A most excellent read… with dragons.
This is a brilliant read.
Unpredictable, interesting and exciting, this book is full of diverse and complex characters that challenge and compel one another in various ways as the story progresses.
Penny White is delightfully snarky and very human, and endears herself to the reader immediately as she responds with empathy in a most unusual situation. As the story unfolds, the reader finds themselves immersed in a whole new fantasy adventure. The story is highly original and very entertaining.
The way in which the author has positioned this world and its “neighbour” world is fascinating, and the ways in which the two worlds are linked physically, but also through the sharing of creatures, issues and mysteries that must be solved make the story so very engaging and involving for the reader that it is very hard to put the book down until the final page is read.
The world building and logistics are thoughtful and carefully developed, so that the story moves between this world and the alternate world quite smoothly and logically.
I am excited to have discovered this fantastic new series, and am very pleased to award this book a Gold Acorn.
Find your copy of ‘Penny White and the Temptation Of Dragons’ here.
A short story laden with fear and doubt, the author takes the reader on a dark road with Aria. Aria is unknown but the urgency and desperation that Gregory creates is effective in hooking the reader into Aria’s flight and developing sympathy for her situation.
The story is well-crafted and comes with a great twist that is delivered very effectively.
Road To Terror has been awarded a Silver Acorn.
Find your copy here.
This book, and the series to which it belongs, come highly recommended.
“Is that why we mourn so much in death, for the unsaid word in life? Is that why we can’t let go, for misplaced promises and the lost hours that we try to grab when it’s all too late?
Embedded in this beautiful story is a profound exploration of grief and loss, and the struggle that humans have in resolving their emotions and experiences when they confront the inevitable changes that accompany the passing of someone they have loved and valued.
At more than one point in the narrative, the reader is compelled to consider those soul-searching questions again as the overwhelming power of grief resonates deeply within both the characters and the reader.
It is a moving and at times heart-wrenching story of coming of age and fulfilling destiny by making the right decisions, not just for oneself but also for the society in which one lives.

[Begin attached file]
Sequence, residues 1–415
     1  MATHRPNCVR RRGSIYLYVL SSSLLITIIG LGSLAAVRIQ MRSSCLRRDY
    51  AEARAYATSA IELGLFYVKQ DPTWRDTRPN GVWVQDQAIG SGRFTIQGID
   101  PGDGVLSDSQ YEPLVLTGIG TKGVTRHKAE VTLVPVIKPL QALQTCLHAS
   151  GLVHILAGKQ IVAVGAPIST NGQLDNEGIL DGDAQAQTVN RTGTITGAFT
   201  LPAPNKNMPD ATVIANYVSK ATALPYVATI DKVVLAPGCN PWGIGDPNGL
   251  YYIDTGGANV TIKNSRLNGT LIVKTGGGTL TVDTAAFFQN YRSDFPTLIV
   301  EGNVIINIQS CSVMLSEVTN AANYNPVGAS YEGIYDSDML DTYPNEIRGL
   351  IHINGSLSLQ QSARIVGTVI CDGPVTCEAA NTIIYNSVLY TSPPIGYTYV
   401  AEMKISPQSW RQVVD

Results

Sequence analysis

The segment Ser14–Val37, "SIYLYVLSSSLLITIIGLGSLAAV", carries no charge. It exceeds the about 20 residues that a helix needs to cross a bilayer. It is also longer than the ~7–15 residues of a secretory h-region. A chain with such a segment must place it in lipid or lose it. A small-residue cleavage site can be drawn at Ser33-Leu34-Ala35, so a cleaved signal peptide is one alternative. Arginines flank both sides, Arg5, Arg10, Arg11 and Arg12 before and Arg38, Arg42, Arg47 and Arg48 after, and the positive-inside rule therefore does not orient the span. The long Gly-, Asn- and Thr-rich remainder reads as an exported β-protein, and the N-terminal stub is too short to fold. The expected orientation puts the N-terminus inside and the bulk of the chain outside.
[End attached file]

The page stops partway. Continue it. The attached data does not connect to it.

The strands of different characters’ stories are drawn together in this book, having been interwoven and overlaid throughout the series so far. Overall, the series provides a rich and broad tapestry of narrative that blends earthen tones with royal purples and other vivid colours and textures.
When one of the characters reflects on the events and challenges of the past, and the things he has learned about society and humanity, he says “I personally can’t see a successful future where one person thinks they are better than another person.” This is where the relevance of this series for each of us is really driven home: when we treat one another as equals, we are all better off, both individually and collectively.
The third in Turner’s ‘KIngdom of Durundal’ series, ‘A Leopard In The Mist’ brings this excellent trilogy of books (thus far) full circle, providing unity and resolutions not only for its own part of the story, but also for the first two books in this excellent series.
This excellent novel has been awarded a Gold Acorn.
Find your copy here.
If you have not read ‘A Hare In The Wilderness’ or ‘A Wolf In The Dark’, they come highly recommended.
Click on each title to read my reviews of books 1 and 2 in this fantastic series.
A delightful short story audiobook that can be enjoyed in one sitting.
I’ve enjoyed every book by C.H. Clepitt that I’ve read, so I was keen to see how this book worked as an audiobook.
The story is read by Margaret Ashley. Her voice is very expressive and easy to understand, with a lovely British accent that makes listening a pleasure. The reading of the story is well paced and articulate, so it’s easy to follow.